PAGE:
A long time ago, when I could hold these things in my head, or thought I could, I kept a sort of league table of hills ranked by the number of times I’d climbed them. Glyder Fach topped the table, due to the fact that it was one ahead of Glyder Fawr; I usually climbed them together, but had once descended Y Gribin after an ascent via Tryfan. In retrospect however, I must have been excluding, or at least overlooking, the hills of the Peak District many of which were much more familiar to me then than the mountains of Snowdonia or the Lake District. Anyway, I was rather pleased with what seemed to me to be my special connection with this fine mountain and I began to consider it as something of a favourite.
So, in a more modest way, if voting with your feet is any way to judge, then the walk during which I took these photos must be my favourite. It’s a short stroll – clocking-in at just over a mile and a half, I’ve recently discovered – taking in the The Cove and The Lots and, in this simplest version, returning via the centre of the village, usually incorporating a stop to do a bit of grocery shopping.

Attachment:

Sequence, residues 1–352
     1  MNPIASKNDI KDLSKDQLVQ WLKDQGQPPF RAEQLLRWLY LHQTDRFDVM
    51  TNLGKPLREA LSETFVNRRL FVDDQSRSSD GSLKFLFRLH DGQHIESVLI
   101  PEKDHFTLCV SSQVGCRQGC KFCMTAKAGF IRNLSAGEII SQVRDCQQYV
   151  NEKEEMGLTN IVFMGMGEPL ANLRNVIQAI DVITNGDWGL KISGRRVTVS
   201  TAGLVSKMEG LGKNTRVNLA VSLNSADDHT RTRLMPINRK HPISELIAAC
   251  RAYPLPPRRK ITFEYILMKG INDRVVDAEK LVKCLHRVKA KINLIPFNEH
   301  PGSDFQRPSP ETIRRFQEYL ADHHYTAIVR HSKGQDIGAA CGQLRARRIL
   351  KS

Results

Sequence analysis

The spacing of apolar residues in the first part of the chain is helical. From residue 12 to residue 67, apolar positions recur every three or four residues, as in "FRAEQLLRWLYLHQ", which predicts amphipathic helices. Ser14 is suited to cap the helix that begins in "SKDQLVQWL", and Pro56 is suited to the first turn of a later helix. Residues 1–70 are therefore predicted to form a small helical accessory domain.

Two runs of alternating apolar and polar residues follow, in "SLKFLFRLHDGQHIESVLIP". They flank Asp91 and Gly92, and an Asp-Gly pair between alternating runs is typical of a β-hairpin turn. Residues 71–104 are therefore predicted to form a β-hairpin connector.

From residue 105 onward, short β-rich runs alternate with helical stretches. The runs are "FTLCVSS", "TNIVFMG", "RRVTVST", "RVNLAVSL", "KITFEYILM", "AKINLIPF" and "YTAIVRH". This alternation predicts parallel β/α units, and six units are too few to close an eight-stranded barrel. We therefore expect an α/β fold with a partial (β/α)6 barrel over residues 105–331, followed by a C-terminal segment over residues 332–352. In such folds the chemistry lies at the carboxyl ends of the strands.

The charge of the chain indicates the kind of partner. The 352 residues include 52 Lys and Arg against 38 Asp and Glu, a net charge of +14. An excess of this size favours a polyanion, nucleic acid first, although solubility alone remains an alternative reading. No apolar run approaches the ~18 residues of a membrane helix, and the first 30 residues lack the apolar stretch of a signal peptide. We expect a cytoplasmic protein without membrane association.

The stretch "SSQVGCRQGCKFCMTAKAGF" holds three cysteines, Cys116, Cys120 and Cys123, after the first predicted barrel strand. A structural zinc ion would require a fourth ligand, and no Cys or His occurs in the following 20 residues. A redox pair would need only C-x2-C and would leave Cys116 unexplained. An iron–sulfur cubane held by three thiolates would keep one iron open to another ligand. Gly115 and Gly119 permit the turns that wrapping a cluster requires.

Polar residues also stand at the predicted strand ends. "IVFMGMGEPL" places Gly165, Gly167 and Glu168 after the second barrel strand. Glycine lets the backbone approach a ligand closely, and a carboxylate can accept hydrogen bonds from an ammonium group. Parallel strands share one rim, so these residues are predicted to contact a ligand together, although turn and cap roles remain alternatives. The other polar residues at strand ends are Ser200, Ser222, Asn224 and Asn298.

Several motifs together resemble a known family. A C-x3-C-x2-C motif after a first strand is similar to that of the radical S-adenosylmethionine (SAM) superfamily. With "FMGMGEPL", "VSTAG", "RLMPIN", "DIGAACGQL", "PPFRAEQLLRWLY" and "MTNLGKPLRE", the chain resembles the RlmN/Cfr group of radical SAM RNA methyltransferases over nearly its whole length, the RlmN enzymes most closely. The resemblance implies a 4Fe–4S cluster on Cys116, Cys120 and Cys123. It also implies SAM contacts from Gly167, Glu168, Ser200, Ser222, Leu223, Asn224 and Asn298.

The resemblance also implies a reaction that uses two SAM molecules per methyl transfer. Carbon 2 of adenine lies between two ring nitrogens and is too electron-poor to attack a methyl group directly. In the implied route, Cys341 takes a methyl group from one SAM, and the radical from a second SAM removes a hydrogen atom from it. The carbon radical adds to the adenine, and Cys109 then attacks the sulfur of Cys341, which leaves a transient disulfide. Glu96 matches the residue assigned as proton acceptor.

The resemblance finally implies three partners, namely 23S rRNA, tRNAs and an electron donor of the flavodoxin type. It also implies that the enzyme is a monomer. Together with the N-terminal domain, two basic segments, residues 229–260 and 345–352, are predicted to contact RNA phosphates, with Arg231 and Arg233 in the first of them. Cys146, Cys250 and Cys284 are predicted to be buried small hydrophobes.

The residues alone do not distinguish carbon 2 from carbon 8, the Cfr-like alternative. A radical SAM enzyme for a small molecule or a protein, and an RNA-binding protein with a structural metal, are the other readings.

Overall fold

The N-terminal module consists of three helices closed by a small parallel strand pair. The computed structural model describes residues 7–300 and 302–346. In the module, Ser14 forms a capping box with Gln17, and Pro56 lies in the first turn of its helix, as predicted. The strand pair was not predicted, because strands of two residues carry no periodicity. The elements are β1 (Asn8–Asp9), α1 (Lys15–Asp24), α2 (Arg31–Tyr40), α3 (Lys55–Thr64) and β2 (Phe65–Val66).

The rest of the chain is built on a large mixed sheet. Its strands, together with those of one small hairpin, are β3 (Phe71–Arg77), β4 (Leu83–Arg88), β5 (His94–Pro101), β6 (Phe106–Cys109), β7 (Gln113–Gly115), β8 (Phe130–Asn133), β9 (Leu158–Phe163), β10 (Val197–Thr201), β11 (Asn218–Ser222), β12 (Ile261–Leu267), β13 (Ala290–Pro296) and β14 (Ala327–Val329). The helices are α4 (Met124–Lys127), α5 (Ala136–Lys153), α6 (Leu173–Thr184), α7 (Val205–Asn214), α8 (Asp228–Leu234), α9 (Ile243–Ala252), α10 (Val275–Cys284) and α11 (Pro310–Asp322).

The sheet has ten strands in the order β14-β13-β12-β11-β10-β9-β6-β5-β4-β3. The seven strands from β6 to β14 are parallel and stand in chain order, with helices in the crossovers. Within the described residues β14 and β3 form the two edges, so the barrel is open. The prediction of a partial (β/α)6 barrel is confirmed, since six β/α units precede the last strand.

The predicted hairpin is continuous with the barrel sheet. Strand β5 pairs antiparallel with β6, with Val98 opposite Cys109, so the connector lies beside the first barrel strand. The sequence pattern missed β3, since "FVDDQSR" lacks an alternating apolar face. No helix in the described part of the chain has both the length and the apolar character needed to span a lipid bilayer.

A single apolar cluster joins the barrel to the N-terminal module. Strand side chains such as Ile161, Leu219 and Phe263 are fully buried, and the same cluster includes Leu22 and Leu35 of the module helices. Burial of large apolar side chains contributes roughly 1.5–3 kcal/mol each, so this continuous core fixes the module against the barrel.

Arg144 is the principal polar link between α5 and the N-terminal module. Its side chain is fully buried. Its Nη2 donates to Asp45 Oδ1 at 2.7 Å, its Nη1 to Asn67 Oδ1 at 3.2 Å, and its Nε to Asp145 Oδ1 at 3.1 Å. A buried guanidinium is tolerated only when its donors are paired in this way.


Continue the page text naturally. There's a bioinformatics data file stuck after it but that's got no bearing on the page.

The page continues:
Although oft repeated and very familiar, it never loses its lustre, because there’s always something new to see. This, for example, is a Tree Bumblebee (Bombus Hypnorum). I’m reasonably confident of that because apparently the ginger thorax and white tail is distinctive of this species. I spotted it on a Flowering Currant in a garden on Townsfield (which name, rather confusingly, refers both to a field and to the street alongside it).
“B. hypnorum has a natural distribution in Mainland Europe, through Asia and up to the Arctic Circle. It was first found in the UK in 2001, in Wiltshire; but must have arrived from Mainland Europe. It has spread rapidly and is now present in most of England and much of Wales, where it can be very common in late spring to early summer. In 2013 it reached southern Scotland. Much of it’s rapid spread is probably due to it’s habit of setting up home in Bird Boxes, which abound in the UK.”
This was quite a large bee and I wonder whether it might have been a queen?
Because I’ve been visiting The Cove on an almost daily basis I’ve become very familiar with the Shelduck who are ubiquitous on the edges of the Bay at the moment.